We’re seeing that here: people from all walks of life, folk with massive problems, attracted to a Saviour who, they clearly sense, has both the will and power to meet them in the depths of human need. We had a man the other night obliged to rise, walk out and take a sort of ‘breather’ halfway through the preaching of the Word – because he said (he came back in a little later on) the Word of God was touching such a cluster of raw nerves across his life, and doing so with such power, that he simply couldn’t cope.
We’re seeing something of early-days Philippi getting replicated now in our midst. The latter-day Aberdeen counter-parts of Lydia, slave-girl, and jailor – each with their own inner demons and being drawn and attracted to Jesus, as the One they have glimpsed is the answer to that pained, wretched cry of the human heart – “what must I do to be saved?”
So we do what we see the Father doing, and we work on ‘attractional’ living: patterns of corporate life – both gathered together, for worship and outreach and prayer; and ‘scattered’ right over the city through the range of ‘Community Groups’ – which put the spotlight centre-stage on Jesus, and help folk start to taste and see how good He truly is.
We see the Lord Consolidating faith, building up the faith of all believers through the grounding and instruction that they’re given in the teaching of His Word. Hasn’t that been central down the years to all the Lord’s been doing in our midst?
And isn’t that the pattern which the Word of God promotes? What was Moses doing through those forty years of wandering in the wilderness if not teaching God’s Word to God’s people that they might then live out before the watching world a whole new way of life? What was Samuel doing all those twenty years, trekking up and down the land of Israel, if not teaching all the people in their mixed-up, messed-up lives, how to live that better life the Lord bestows?
So because we see the Father so committed to consolidating faith, we do the same. Across the board. We aim to give a grounding in the faith. We aim to show the import and the impact of the Word of God on all of modern life – from kitchen sinks and nappies to the work-place and the deadlines people face; from the struggles of relationships to the tensions of our fellowship in Christ. We aim to teach the Scriptures in a way that helps us grow to be a people who together make the gospel come alive for those around us day by day.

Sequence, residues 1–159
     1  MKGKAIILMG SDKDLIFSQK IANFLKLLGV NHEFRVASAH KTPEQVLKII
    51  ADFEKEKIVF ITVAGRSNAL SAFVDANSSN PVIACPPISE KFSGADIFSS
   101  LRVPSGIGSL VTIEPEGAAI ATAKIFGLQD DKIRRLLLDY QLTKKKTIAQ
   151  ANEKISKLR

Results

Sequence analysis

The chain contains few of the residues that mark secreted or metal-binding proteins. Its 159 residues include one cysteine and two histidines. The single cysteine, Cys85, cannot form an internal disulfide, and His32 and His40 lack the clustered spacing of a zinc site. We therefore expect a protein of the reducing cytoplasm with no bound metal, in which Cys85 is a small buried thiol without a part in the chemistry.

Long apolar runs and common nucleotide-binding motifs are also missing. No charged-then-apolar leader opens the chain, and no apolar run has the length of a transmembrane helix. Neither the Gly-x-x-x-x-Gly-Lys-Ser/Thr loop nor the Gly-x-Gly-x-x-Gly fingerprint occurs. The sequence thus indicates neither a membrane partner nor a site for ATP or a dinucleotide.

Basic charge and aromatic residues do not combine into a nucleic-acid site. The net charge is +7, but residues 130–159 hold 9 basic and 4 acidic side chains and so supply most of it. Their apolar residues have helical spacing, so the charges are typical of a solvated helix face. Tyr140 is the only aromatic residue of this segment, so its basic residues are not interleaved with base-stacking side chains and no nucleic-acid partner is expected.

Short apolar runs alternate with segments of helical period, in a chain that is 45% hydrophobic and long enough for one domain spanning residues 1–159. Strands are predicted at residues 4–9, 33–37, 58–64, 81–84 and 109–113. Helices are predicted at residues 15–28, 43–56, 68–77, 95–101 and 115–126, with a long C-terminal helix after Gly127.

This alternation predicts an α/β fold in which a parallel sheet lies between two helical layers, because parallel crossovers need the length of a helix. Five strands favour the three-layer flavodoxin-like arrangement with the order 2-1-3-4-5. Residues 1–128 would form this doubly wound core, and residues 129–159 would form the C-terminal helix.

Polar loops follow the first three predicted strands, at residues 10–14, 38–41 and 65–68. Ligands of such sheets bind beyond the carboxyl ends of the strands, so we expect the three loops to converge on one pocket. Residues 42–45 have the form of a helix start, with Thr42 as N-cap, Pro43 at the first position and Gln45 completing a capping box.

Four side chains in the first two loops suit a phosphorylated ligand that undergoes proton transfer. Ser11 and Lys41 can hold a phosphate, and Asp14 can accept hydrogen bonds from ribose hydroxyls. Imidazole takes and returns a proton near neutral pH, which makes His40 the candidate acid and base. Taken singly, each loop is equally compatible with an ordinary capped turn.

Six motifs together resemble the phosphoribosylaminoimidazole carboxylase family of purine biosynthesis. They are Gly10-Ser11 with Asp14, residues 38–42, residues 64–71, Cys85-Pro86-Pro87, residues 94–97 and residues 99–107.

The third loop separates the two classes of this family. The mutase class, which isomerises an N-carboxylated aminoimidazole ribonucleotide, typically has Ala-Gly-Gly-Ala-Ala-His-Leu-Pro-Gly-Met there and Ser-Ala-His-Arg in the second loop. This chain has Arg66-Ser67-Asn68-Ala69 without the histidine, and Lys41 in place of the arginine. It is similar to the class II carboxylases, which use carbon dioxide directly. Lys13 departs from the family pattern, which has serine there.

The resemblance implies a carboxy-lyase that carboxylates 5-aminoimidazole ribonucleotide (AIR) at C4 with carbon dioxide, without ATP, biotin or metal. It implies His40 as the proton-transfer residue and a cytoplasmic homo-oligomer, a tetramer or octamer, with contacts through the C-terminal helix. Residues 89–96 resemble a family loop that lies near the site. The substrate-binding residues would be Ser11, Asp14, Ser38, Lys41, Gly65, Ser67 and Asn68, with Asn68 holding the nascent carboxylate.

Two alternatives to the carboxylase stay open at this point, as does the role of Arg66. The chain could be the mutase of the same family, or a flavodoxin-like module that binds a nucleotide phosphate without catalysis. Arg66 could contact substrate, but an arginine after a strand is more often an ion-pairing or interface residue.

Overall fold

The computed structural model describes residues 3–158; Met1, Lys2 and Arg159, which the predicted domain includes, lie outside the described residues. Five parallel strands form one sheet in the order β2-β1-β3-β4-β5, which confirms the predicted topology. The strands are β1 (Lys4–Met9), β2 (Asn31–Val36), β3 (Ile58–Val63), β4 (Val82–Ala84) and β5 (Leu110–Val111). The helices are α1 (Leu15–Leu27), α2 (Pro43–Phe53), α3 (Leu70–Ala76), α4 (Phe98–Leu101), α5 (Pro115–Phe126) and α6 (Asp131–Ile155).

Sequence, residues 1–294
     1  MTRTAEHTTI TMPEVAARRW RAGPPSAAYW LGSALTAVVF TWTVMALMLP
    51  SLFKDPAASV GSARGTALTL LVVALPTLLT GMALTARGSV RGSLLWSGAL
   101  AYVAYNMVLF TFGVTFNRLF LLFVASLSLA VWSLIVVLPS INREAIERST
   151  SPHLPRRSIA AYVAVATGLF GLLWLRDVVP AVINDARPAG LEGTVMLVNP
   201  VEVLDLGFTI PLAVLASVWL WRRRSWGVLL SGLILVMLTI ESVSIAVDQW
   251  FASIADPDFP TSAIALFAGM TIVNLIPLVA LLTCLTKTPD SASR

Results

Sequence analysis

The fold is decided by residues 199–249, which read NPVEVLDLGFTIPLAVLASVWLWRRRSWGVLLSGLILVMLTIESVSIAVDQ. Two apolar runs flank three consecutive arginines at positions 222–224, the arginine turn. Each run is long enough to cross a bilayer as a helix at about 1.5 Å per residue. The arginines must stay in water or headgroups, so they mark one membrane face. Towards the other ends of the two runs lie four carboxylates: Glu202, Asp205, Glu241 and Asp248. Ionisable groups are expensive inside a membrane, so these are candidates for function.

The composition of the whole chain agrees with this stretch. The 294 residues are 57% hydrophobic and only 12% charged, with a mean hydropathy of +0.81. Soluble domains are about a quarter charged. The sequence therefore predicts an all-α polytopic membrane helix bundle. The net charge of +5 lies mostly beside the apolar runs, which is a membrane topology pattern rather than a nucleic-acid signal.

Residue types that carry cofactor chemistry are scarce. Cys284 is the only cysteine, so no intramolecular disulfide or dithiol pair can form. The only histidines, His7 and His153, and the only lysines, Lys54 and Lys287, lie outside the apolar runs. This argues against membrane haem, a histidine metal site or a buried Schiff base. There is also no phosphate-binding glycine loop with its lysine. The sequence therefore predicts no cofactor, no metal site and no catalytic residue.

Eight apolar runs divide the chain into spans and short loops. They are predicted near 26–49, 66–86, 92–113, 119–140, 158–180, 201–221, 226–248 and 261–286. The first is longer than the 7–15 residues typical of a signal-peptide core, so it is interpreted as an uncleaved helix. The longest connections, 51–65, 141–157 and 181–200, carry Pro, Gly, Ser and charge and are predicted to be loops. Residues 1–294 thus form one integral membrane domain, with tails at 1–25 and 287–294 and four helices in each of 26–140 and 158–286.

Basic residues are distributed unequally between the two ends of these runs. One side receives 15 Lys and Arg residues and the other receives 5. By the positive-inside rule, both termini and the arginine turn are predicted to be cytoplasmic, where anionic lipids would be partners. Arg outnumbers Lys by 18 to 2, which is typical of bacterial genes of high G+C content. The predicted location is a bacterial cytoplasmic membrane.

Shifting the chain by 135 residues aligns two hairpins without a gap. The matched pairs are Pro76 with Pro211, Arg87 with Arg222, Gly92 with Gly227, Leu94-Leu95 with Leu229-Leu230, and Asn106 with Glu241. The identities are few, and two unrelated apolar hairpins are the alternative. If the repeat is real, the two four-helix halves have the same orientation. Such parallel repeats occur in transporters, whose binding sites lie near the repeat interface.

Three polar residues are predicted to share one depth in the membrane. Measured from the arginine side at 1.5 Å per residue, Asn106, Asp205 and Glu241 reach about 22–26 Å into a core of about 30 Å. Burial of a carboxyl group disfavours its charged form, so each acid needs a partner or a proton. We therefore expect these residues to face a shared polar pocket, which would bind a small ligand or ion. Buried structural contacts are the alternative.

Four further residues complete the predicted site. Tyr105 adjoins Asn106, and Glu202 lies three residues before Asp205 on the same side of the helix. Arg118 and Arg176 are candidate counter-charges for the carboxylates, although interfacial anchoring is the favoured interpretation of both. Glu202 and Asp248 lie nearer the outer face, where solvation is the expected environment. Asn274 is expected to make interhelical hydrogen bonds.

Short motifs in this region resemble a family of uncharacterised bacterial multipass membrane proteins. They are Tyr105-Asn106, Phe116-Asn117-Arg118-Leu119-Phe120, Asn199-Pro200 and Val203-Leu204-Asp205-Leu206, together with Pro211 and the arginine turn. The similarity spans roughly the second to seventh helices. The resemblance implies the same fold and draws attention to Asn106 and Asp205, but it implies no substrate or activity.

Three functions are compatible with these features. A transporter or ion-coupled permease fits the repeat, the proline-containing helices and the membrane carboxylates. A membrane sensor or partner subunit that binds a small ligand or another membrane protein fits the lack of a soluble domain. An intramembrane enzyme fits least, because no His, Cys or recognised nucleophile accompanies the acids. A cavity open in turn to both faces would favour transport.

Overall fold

Then, too, we see the Father always Training up His people for the service of His Son: His Word never simply informing our minds, but transforming our lives and equipping us all for the work of proclaiming the gospel. This is what the teaching and pastoral ministry is geared towards – “.. to prepare God’s people for works of service” [Eph.4.12]: and this is a part of the ‘next generation’ perspective which is how God Himself always works.
We have fine young men and women here, for instance, able men and women with a plethora of gifts: and all of them eager to serve, itching for action, bursting with a burden now to make their mark for Jesus on a pained and broken world. We aim to ensure that such passion and zeal is fulfilled, instead of frustrated, and are doing some intentional work in both fostering character-formation and preparing a course as well which develops leadership potential.
We’re blessed as well with many older men and women, as eager today as ever they were to be serving the Lord; and we’re keen to equip them, too, for the hugely significant ministry which in the latter stage of life they’re able now to exercise.
Old and young – and everything in between. We see the Father training up His people, and so we do the same.
And we see the Father Sending out His people in the cause of gospel growth. It’s the outflow of a heart of love which prompted long ago the sending of the Son of God: and the Son who was sent is Himself ever sending His people.
The Community Groups are perhaps an expression of this, as we see the Lord sending us out, every one of us here, into neighbourhoods right round the city, with the clear, consistent call to go and do the business where we are.
We see Him at work sending students out onto the campus, sending parents off out to the school-gate, sending patients along to the doctors: always, always bringing the good news of Jesus to people who need that news badly.
And we see Him at work still sending folk out from our fellowship here – as He has been for so many decades – into ministry all round the world.
As the beating heart pumps the life-giving blood through the body, so the loving heart of the living God pumps His people out into the world, carrying the oxygen of the gospel to every nation, tribe and people on the earth.
Attracting: Consolidating: Training: Sending. The book of ACTS is always being translated into our present day experience as believers here at Gilcomston.
We do what we see the Father doing: neither more nor less.
And that almost certainly means we’ll be often quite out of our own comfort zone; and as often both challenged and thrilled by the wonderful things which He does!
Yours in Christ’s service